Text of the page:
Riva
Riva
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December 17th, 2013 at 2:10:59 PM permalink
I run a charity game for a local non-profit. It's real money gambling but nowhere near the scale of a small casino, perhaps 50 tables about 20 days per-year (all volunteers). I guess you would call it a "millionaire party" and people can make some nice money.

We own all of our own equipment and tables etc, because all the rental stuff is junk. Plus, it's expensive. We are always replacing layouts and tables so players get a real casino feel at our events. We also are on the lookout for new games to offer because that keeps players coming back.

Was thinking of introducing sic bo to the floor (with shaved payouts, of course) however, I don't think our players will warm up to the game as it has way too many betting spots/options. However, some bets on sic bo intrigued me and I set out to design a new game. I will then pay to have the layout printed and we will build a table for it. Actually, the layout design came out really nice and I think players will instantly understand and warm up to the game.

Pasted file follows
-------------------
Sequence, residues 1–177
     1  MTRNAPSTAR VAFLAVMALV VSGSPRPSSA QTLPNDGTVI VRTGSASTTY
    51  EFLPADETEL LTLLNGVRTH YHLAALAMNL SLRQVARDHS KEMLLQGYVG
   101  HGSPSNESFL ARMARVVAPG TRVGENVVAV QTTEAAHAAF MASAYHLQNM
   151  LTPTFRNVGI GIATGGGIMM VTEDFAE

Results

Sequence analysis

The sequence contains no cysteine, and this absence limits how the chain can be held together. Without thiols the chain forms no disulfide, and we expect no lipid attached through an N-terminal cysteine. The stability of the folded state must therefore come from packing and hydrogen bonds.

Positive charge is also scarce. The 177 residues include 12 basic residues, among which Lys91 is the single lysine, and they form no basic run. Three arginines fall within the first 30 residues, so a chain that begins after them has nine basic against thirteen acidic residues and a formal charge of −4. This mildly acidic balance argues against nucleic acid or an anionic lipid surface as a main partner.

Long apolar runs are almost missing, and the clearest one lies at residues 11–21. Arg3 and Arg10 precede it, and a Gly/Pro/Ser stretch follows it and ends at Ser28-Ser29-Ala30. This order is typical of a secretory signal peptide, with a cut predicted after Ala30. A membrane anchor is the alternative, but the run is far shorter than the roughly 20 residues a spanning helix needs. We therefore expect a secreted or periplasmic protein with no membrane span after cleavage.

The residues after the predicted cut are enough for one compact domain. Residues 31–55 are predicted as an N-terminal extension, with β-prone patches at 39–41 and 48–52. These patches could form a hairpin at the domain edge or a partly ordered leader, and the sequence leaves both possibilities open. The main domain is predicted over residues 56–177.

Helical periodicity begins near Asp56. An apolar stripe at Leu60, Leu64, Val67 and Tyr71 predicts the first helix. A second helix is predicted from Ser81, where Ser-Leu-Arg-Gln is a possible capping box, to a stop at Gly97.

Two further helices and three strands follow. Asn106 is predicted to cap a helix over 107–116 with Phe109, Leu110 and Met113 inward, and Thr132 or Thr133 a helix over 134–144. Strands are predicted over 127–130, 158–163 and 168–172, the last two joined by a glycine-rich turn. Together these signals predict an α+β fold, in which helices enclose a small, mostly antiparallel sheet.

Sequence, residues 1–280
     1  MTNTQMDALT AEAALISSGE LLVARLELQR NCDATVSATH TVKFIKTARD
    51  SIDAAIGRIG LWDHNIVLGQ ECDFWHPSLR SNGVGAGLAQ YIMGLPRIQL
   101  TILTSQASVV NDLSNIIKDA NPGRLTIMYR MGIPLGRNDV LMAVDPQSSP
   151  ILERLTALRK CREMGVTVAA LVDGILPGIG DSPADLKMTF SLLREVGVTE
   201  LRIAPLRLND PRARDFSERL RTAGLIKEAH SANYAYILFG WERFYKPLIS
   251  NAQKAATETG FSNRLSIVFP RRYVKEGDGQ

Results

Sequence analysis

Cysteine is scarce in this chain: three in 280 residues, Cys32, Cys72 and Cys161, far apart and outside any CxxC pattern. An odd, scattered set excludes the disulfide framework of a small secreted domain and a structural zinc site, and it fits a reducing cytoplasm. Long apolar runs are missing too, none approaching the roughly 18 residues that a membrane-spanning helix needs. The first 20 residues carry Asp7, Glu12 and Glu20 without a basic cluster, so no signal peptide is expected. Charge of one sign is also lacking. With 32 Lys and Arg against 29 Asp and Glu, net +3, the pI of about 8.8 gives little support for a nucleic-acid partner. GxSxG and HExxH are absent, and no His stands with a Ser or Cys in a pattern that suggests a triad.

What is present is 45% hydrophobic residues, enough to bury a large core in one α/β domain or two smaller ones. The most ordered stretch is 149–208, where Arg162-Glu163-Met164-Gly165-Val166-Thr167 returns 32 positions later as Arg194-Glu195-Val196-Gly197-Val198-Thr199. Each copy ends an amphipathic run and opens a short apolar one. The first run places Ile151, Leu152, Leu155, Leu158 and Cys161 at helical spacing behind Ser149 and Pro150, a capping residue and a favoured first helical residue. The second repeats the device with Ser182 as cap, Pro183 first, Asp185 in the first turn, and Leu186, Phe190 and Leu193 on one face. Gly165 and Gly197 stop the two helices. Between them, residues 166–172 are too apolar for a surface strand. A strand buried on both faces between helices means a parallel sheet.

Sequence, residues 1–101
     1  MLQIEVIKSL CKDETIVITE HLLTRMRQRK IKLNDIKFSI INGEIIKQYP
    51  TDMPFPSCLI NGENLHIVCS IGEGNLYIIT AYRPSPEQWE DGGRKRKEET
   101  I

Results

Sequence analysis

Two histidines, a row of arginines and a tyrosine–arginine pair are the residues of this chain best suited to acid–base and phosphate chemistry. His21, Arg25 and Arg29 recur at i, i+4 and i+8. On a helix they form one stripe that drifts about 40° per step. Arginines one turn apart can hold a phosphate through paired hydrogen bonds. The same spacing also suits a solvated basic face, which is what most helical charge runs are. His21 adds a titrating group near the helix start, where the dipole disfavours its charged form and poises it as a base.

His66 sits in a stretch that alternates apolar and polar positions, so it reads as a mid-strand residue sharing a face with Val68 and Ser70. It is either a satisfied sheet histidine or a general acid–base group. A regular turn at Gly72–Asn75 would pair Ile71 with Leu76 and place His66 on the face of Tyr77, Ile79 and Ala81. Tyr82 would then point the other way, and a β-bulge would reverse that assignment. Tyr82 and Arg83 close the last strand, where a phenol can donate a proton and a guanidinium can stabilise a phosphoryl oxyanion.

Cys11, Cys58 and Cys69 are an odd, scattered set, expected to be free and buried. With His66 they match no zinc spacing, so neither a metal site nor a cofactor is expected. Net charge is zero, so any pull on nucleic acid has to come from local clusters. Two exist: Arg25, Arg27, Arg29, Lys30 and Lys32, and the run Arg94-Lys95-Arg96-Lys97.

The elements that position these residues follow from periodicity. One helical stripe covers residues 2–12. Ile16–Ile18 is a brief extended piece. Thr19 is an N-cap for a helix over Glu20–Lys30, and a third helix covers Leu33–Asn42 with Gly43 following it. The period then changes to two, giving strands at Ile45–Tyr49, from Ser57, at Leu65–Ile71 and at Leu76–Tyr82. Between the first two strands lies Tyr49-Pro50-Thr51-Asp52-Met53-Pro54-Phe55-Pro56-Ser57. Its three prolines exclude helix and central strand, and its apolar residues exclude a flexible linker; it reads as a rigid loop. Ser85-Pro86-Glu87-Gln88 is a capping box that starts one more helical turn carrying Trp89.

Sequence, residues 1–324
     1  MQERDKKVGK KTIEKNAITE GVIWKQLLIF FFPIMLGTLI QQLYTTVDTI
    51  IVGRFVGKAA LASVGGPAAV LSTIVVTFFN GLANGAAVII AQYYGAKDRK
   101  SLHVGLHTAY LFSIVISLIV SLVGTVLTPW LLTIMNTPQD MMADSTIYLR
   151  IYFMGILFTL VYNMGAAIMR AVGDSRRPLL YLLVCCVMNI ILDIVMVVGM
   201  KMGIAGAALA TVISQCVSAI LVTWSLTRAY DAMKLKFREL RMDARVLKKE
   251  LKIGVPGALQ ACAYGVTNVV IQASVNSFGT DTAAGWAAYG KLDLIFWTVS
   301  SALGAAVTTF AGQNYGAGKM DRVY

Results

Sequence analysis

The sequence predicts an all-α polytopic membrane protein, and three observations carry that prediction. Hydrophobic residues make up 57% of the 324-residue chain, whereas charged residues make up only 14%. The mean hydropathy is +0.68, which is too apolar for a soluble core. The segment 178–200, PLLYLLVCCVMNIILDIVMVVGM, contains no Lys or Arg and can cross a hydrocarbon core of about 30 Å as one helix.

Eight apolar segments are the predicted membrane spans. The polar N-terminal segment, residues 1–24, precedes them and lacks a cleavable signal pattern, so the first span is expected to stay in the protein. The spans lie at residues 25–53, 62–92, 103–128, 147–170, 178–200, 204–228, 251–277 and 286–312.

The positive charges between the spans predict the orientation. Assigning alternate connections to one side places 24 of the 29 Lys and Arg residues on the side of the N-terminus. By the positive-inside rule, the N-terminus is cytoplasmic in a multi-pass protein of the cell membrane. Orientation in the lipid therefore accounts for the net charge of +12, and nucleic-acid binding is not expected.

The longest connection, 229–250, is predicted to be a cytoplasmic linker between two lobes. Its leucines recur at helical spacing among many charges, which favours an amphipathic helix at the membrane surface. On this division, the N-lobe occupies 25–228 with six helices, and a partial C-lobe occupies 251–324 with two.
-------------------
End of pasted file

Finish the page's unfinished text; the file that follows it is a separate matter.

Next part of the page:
At the end of the day, this "new" game is simply a "cut and paste" from 3 old games, specifically the old "chuck-a-luck" game, a bet from craps and, a few of the wagers from sic bo. However, a few people who have seen my design have commented "damn, I'd play that at a casino." That got me thinking that there might be some value here beyond our own charity game. Also, I have read the white paper, "The Elements of a Successful Carnival Game"(1) and I believe I meet this criteria to the tee.

Nothing about this game is proprietary. All I have done is to take a few bets from chuck-a-luck, one from craps and a few from sic bo, had a custom layout made to make it look professional and, made a new game, which i will still call chuck-a-luck (on steroids).

Still, it's a brand new game which, to the best of my knowledge, nobody had put these various bets from 3 unique games in this configuration. My question is, how does one go about determining if this idea has value and, I guess the word for it is "patentable?"

Thoughts?

Thank you
jon
jon
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December 17th, 2013 at 3:31:43 PM permalink
It is unlikely to be patentable if you've simply combined a few prior art bets. Then again, sometimes crazy stuff happens at the USPTO so you never know, but I'd give it at best a 1/7 chance of ever being issued. If you have a custom layout you could try for a design patent which you would probably get, albeit this would be much less valuable than a utility patent.